I’ve written at length about differences between literary and commercial fiction (including different genres and what “mainstream” fiction is), but reading Bone Gap this month while also studying Frida Kahlo has got me thinking in allusions, so I wanted to share another quick observation on the topic.
Commercial fiction is like representational art: whether it’s about something true or not, it’s clear what the subject of the painting or story is.
Images in this post may be copyrighted and are used for educational purposes only.
Above: Moroccan Man by José Tapiro y Baro, 1913; Takiyasha the Witch and the Skeleton Spectre by Utagawa Kuniyoshi, 1847; Self-portrait at the Dressing Table by Zinaida Serebriakova, 1909; Rebecca et Eliézer by Alexandre Cabanel, 1883
Literary fiction can be more like impressionist, expressionist, surrealist, or abstract art—less accessible because the subject isn’t always clear, and the presentation isn’t always appreciated.
Symbolism holds more weight in literary fiction.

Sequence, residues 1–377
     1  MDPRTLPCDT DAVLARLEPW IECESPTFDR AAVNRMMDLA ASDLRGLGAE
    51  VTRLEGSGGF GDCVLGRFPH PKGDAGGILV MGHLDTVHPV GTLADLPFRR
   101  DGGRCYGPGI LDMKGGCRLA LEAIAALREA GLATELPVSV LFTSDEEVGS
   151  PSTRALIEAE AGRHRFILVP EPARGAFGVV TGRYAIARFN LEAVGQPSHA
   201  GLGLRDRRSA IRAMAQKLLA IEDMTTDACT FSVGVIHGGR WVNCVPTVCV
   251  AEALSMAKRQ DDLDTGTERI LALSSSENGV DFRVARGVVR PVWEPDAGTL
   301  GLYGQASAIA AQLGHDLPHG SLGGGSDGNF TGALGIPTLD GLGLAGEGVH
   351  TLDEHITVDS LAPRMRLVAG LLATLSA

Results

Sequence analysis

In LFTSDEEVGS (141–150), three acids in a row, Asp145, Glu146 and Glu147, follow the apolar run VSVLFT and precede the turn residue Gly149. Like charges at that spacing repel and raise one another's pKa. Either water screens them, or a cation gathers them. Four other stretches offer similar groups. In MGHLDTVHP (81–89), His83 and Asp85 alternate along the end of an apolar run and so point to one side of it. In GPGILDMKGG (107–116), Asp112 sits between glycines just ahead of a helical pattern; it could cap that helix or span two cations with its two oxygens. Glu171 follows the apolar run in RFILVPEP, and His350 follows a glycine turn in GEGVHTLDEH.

Literary fiction holds cultural literacy dear, alluding to classic literature and ancient mythology.
Literary fiction is more likely to experiment with mixed media, incorporating poetry, illustrations, comics, letters, or other ephemera.
Words in literary fiction are like visible brushstrokes, sometimes drawing attention away from the story and towards the writer as artist. Word choice is important: how can you combine words in a fresh way to create new impressions on the reader? What connotations do the words carry? Literary fiction is imbued with tone created not by line or color but by diction and metaphor.
2 thoughts on “Commercial and Literary Fiction as Paintings”
Well said! And this line especially resonates:
“Literary fiction is imbued with tone created not by line or color but by diction and metaphor.”